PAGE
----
The families of 55 Vietnamese workers who are stranded in Algeria after being allegedly assaulted by Chinese colleagues and not paid by their Chinese employer Thursday asked the labor ministry to help bring them home.
At a meeting with ministry officials, their families said it has been one month since the company sent more than 200 workers with canes and other weapons to assault the Vietnamese workers, but not much has been done to resolve their problem by Vietnamese authorities.
The workers had been sent to work at a construction site in the North African country by the Hanoi-based Simco Song Da JSC in July.
They signed a contract for wages of US$550-650 a month.
But after a month the company fixed a daily quantum of work a worker had to finish to receive payment.
The Vietnamese workers objected to the new condition and went on a wildcat strike on September 15.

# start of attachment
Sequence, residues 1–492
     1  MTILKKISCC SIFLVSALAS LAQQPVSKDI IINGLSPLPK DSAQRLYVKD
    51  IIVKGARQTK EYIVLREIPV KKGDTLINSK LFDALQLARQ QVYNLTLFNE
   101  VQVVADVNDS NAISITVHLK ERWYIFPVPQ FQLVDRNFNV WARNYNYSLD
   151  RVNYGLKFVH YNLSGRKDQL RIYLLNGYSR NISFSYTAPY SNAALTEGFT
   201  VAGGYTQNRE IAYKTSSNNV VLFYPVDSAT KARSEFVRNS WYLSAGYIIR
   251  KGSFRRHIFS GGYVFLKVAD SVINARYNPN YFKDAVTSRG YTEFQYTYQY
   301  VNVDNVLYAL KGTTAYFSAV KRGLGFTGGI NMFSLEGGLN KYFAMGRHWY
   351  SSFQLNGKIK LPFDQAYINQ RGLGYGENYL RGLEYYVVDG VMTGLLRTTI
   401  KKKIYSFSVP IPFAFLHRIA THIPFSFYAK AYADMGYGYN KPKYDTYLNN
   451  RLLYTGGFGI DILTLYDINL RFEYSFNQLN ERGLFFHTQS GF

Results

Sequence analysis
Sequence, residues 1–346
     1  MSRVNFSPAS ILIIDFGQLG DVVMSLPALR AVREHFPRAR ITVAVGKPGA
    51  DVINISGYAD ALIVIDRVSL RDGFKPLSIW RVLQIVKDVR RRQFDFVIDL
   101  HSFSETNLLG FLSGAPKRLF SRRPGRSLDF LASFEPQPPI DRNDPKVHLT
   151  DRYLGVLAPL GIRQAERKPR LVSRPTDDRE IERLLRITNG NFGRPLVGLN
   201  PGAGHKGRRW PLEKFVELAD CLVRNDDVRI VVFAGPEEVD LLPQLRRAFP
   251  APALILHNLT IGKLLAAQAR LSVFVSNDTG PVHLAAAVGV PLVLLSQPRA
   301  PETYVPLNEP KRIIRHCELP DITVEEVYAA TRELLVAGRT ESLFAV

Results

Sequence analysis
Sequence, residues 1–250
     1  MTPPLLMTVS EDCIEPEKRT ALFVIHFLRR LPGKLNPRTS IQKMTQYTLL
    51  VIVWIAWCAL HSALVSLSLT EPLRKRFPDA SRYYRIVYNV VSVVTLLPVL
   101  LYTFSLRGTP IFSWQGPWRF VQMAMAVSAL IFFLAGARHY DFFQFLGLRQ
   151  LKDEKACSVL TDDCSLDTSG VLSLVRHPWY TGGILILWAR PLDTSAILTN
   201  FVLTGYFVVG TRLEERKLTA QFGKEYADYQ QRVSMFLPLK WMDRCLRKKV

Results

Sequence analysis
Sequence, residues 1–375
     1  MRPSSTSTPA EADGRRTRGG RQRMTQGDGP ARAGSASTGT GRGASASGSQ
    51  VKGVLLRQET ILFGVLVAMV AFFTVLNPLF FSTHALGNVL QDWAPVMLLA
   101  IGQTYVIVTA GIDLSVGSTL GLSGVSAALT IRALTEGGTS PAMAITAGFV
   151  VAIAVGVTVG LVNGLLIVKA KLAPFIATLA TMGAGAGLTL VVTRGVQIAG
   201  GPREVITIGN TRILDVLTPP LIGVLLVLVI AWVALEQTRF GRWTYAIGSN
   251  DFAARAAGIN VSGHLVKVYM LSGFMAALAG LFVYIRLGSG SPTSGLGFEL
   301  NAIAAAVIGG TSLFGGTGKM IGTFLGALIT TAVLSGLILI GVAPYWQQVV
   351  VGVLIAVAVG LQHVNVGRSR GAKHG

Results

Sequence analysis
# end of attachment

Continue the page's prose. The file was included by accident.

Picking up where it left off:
The next night the company set up the alleged assault in which three of the Vietnamese were severely injured.
The company then stopped providing food to the workers.
On October 8 Simco Song Da officials promised the workers’ families they would resolve the problem. They sent representatives to Algeria and gave the workers some money to buy food. One of the workers, Cao Van Nhan, said $200 was given for their group of 16.
The representatives told the workers to continue working while waiting for the company to settle the issue.
Nhan said that on October 14 the company refused to provide them food and has not paid their wages either.
The money given by Simco has been spent on food and the workers did not know how they would survive, he said.
The 16 have sent a plea for help, saying their only wish is to come back home.
Le Thanh Ha, an official at the Department of Overseas Labour Management, said the Vietnamese embassy in Algeria would be asked to provide food to the workers.
The department is coordinating with the labour company to bring the workers home and ensure they are paid, he said.